8 Electronic communication methods can include notifications, elearning, internal social media, etc. It is important to target electronic security awareness notifications to the appropriate audience to ensure the information is read and understood. It is easier for electronic notifications to go unread or ignored by busy personnel. By targeting the material and communication channel to relevant personnel, the security awareness team can improve adoption of the security awareness program. Non-electronic notifications may include posters, internal mailers, newsletters, and instructor-led training events. In-person security awareness events that involve active participation by personnel can be extremely effective. Audience size in an instructor-led presentation is important: the larger the group, the greater risk that content may not be communicated effectively, as individuals may lose focus on the material presented if they do not feel engaged. Including activities that engage the audience, such as scenario-based activities, helps ensure the concepts are understood and remembered. For example, a structured social-engineering exercise will teach personnel quickly how to identify a social-engineering attack and react appropriately. Internal seminars, training provided during lunch breaks (commonly called lunch-and-learns or brown bag ), and employee social events are also great opportunities for the security awareness team to interact with personnel and introduce security concepts. Appendix B provides a list of the common methods to communicate security awareness throughout the organization. It is recommended that communication of security awareness be included in new-hire processes, as well as role changes for existing personnel. Security awareness training may be combined with other organizational requirements, such as confidentiality and ethics agreements. Each job position in the organization should be identified based on level of data access required. See Section 2.2, Determine Roles for Security Awareness, for more information. To ensure that the security awareness team is notified whenever a role identified as needing security awareness is filled, it is recommended this step be included in the process for all newhire/re-classifications. Inclusion in the new-hire/re-classification process ensures the overall training goals are promoted without reliance on individual organizational units. Management leadership and support for the security awareness program is crucial to its successful adoption by staff. Managers are encouraged to: Actively encourage personnel to participate and uphold the security awareness principles. Model the appropriate security awareness approach to reinforce the learning obtained from the program. Include security awareness metrics into management and staff performance reviews. 6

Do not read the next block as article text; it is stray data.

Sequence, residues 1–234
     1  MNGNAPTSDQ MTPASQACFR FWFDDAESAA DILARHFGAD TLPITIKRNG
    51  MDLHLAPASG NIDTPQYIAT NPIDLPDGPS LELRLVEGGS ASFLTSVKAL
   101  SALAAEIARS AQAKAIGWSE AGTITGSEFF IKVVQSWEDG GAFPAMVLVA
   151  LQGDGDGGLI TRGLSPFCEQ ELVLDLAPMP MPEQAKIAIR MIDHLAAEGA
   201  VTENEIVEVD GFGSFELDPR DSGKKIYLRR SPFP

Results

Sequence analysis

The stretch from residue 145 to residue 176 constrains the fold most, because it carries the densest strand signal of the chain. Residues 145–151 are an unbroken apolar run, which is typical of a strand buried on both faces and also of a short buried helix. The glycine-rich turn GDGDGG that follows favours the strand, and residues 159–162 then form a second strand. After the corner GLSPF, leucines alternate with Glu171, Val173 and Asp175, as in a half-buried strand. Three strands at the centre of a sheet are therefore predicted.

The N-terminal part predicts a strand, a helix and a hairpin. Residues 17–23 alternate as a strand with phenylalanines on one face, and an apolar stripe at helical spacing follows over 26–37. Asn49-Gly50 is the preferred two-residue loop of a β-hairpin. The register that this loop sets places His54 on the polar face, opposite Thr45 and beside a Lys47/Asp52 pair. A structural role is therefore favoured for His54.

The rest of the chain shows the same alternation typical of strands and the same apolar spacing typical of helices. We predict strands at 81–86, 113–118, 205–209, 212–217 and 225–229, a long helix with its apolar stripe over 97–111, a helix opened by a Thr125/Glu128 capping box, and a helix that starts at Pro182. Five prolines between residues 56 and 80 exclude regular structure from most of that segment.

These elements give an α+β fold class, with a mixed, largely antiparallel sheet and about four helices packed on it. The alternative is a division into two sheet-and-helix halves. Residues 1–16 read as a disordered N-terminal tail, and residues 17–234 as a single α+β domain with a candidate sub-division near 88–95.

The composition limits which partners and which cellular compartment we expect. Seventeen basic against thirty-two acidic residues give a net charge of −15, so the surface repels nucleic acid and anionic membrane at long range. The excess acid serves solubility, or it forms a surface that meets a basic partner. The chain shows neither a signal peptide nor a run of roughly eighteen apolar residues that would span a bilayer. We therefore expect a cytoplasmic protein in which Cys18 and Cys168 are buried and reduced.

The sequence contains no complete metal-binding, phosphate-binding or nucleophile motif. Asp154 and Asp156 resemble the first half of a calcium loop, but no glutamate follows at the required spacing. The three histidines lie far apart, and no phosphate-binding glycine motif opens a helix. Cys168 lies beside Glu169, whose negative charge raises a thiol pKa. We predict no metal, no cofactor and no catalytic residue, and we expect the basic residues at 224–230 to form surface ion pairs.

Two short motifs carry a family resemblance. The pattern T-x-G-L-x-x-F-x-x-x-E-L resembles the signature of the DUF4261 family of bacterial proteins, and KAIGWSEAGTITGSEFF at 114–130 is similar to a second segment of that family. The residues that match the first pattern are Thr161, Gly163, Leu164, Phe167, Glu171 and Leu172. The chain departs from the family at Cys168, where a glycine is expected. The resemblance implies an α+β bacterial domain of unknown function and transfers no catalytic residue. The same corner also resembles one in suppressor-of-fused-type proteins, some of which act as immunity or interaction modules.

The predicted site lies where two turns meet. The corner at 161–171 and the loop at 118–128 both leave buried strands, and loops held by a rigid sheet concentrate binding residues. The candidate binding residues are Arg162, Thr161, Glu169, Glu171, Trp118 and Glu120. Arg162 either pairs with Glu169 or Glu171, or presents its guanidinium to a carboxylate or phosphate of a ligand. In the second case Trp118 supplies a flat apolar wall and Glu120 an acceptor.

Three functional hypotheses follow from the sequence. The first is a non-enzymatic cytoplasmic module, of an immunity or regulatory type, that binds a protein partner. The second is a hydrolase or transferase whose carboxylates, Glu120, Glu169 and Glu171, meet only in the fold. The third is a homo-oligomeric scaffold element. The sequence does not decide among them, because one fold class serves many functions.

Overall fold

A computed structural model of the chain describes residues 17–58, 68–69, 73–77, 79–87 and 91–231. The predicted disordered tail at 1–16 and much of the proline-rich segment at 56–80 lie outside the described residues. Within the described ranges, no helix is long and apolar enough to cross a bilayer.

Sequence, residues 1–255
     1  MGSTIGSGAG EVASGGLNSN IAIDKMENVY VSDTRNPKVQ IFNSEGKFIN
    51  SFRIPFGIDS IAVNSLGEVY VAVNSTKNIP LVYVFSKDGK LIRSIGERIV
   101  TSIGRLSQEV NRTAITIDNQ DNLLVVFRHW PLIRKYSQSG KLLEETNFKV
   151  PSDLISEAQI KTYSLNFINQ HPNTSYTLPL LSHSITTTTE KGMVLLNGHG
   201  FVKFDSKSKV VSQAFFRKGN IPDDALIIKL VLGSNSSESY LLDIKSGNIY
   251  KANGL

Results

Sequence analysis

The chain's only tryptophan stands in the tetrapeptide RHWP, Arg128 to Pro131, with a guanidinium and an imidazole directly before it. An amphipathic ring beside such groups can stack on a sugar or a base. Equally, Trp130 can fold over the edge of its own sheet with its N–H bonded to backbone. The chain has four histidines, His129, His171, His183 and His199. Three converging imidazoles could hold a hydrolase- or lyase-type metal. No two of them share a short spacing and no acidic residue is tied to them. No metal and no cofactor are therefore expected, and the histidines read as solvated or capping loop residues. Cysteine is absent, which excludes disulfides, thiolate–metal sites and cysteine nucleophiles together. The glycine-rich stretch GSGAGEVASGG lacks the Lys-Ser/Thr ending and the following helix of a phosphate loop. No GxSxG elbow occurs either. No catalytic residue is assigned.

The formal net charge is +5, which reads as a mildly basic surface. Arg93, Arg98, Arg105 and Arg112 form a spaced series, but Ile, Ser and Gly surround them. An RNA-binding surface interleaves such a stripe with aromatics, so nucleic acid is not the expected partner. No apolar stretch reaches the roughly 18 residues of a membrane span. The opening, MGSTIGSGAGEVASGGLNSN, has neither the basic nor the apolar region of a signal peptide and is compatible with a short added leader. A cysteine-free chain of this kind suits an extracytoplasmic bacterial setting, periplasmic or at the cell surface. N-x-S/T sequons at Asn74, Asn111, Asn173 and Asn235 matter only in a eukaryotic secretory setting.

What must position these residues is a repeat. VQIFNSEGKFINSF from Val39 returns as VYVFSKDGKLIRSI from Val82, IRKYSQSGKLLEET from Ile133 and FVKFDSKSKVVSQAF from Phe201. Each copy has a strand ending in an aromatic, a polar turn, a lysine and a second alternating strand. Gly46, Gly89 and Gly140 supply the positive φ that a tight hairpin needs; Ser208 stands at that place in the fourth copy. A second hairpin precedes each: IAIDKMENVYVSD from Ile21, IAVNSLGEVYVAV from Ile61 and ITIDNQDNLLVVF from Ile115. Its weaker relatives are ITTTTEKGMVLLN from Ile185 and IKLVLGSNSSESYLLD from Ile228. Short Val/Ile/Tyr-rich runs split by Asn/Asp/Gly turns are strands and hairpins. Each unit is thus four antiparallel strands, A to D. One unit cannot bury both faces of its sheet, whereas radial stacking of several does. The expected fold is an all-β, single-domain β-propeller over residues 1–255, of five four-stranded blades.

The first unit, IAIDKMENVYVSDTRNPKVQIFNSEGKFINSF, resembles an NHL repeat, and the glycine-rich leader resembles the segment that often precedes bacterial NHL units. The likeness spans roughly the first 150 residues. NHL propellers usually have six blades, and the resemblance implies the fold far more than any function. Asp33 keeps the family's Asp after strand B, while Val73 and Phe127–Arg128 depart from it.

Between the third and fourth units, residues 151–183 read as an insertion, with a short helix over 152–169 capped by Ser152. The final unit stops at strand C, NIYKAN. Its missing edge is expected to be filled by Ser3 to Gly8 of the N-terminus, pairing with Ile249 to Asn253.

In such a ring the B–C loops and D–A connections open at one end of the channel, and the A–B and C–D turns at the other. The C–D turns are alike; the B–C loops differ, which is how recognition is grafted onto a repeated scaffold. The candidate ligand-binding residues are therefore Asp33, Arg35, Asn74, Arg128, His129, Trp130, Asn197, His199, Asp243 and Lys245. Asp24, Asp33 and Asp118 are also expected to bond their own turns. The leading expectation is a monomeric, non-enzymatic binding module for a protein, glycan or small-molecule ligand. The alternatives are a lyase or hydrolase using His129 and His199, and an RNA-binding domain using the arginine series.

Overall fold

9 3 Security Awareness Training Content As discussed in Section 2.2, Determining Roles of Security Awareness, it is recommended training content be determined based on the role and the organization s culture. The security awareness team may wish to coordinate with the appropriate organizational units to classify each role in order to determine the level of security awareness training required for those specific job duties. This is vital in development of content, as it is just as easy to over-train an employee as it is to under-train an employee. In both cases, if information is not properly absorbed, it could lead to unnecessary organizational risk. Regardless of role, it is recommended that all staff receive basic security awareness training, developed in accordance with organizational policy. In addition to general security awareness training, it is recommended personnel be exposed to general concepts of cardholder data security, to promote proper data handling throughout the organization, according to their role in the organization. Training materials should be available for all areas of the organization. Security awareness and training materials may be developed in-house, adapted from a professional organization s work, or purchased from a vendor. There are security awareness vendors that provide prepared materials such as computer-based training (CBT), posters, and newsletters. For example, PCI SSC and other elearning vendors offer training on topics such as understanding PCI DSS, secure password practices, avoiding social engineering, avoiding malicious downloads, etc. The following are examples of reference materials that may help in the development of a Security Awareness Program: National Institute of Standards and Technology (NIST) Special Publication , Building an Information Technology Security Awareness and Training Program, International Standards Organization (ISO) 27002:2013, Information technology -- Security techniques -- Code of practice for information security controls, International Standards Organization (ISO) 27001:2013, Information technology Security techniques Information security management systems, COBIT 5 Appendix F.2, Detailed Guidance: Services, Infrastructure and Applications Enabler, Security Awareness, Additionally, due to the increased focus on cyber security awareness, many government agencies and industry bodies provide training materials to the public at no cost. Choosing which materials to use in a security awareness training program is highly dependent on the organization. Each organization should consider the time, resources, and culture when selecting the materials to use for the security awareness training. Please see Training Materials in Appendix A for more information and examples. All best practices listed here may be included in an organization s security awareness program; however, the best practices are not a requirement. 7